Poles who grew up during the communist era love to tell their children and grandchildren that as kids, they would be satisfied with a simple orange under the Christmas tree.
This is, in part, an admonition against expecting a bountiful haul of presents, but it’s also an expression of nostalgia for less complicated times. During the four decades of communist rule, receiving a piece of fruit was often a joyful event: “That was happiness!” my great aunt Magdalena told me.
Christmas in Poland has been an unshakable constant: a family gathering is a given, a feast will somehow be procured. The country was and is staunchly Catholic, more like a Latin American nation in its devoutness than any other European state. Communist rule did not dampen the people’s religiosity. Even the communist authorities knew that they had to provide the people with Christmas fish and meat—and if they didn’t, the people let their wrath be known. In 1970, after the authorities raised the prices of meat, ordinary Poles rebelled, leading to the ouster of a long-time communist leader.
Since the scarce times of the communist era, Christmas in Poland has changed. If you look back several decades, Christmas gifts offer a glimpse into Poland’s economic situation and political climate. In hard times, the Christmas tree gift pile might only yield a piece of candy or fruit, or a handmade hat. When communism was coming to an end in the late ‘80s, some families could afford Barbies or LEGOs, which were made available in special stores. Today, expensive presents, gift cards, or experiences (like a spa weekend) reflect Poland’s economic progress, its post-Soviet success story.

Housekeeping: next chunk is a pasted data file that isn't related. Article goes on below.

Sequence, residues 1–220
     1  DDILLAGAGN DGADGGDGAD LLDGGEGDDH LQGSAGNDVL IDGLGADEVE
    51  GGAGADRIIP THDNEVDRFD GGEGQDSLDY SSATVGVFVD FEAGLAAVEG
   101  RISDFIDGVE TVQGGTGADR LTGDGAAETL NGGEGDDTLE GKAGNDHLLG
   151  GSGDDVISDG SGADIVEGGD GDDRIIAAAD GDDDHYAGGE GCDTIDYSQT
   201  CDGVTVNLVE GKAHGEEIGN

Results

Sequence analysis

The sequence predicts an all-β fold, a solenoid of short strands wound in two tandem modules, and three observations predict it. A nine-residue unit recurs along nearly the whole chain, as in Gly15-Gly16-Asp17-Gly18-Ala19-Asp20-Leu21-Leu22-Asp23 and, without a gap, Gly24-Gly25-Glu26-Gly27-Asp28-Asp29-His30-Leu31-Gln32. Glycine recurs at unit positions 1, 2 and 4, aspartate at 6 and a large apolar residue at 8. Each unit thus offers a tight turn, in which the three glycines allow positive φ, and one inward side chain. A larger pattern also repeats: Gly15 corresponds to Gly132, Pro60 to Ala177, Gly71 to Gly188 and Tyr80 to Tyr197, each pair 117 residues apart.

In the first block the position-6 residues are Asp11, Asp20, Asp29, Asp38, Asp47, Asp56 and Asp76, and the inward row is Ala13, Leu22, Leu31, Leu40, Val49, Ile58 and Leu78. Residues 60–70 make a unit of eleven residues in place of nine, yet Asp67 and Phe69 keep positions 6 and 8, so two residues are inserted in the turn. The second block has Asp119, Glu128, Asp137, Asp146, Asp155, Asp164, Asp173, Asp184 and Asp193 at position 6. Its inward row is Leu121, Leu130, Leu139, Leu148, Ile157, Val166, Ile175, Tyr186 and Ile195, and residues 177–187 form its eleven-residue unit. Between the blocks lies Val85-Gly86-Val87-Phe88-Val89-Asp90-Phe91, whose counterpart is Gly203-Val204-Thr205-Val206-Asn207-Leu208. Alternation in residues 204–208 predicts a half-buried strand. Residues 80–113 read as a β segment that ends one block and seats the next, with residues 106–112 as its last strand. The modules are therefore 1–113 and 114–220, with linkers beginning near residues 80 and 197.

Poland was completely destroyed during World War II, ravaged by Nazi Germany and Soviet Russia. But even during “the war,” as it is known in the country, parents scrambled to give their kids some illusion of a normal Christmas. “There was nothing. We were happy when we got one piece of candy… Mom sewed rag dolls and dressed them, made little doll furniture,” Magdalena, born 1939, told me.
In the years following the war, many Polish families depended on packages from the United Nations Relief and Rehabilitation Administration (UNRRA), formed to help areas liberated from the Nazi yoke. From 1945 to 1947, Poland received 2 million tons of products, mostly non-perishable military food rations, but also candy and chocolate. Parents would hide them for special occasions such as Christmas. “Paczki”—packages from abroad, either from relatives or from donations, would become a mainstay of the holidays for decades to come.
In the 1950s, Poles had to get used to life under an oppressive, Stalinist regime, which was atheist by definition. In fact, for several years, the country’s leaders tried to make two other holidays—December 21, a celebration of Stalin’s birthday and the New Year—more important than Christmas. The Christmas tree became the “New Year’s” tree, decorated with ornaments shaped like factories, cogwheels, cranes, and army tanks. Santa Claus (Saint Nicolas) no longer gave out gifts; instead, it was Grandfather Frost, a Soviet character who wore a Russian peasant’s outfit or a gold caftan. But the ploy didn’t work, a traditional Christmas was too important for Poles.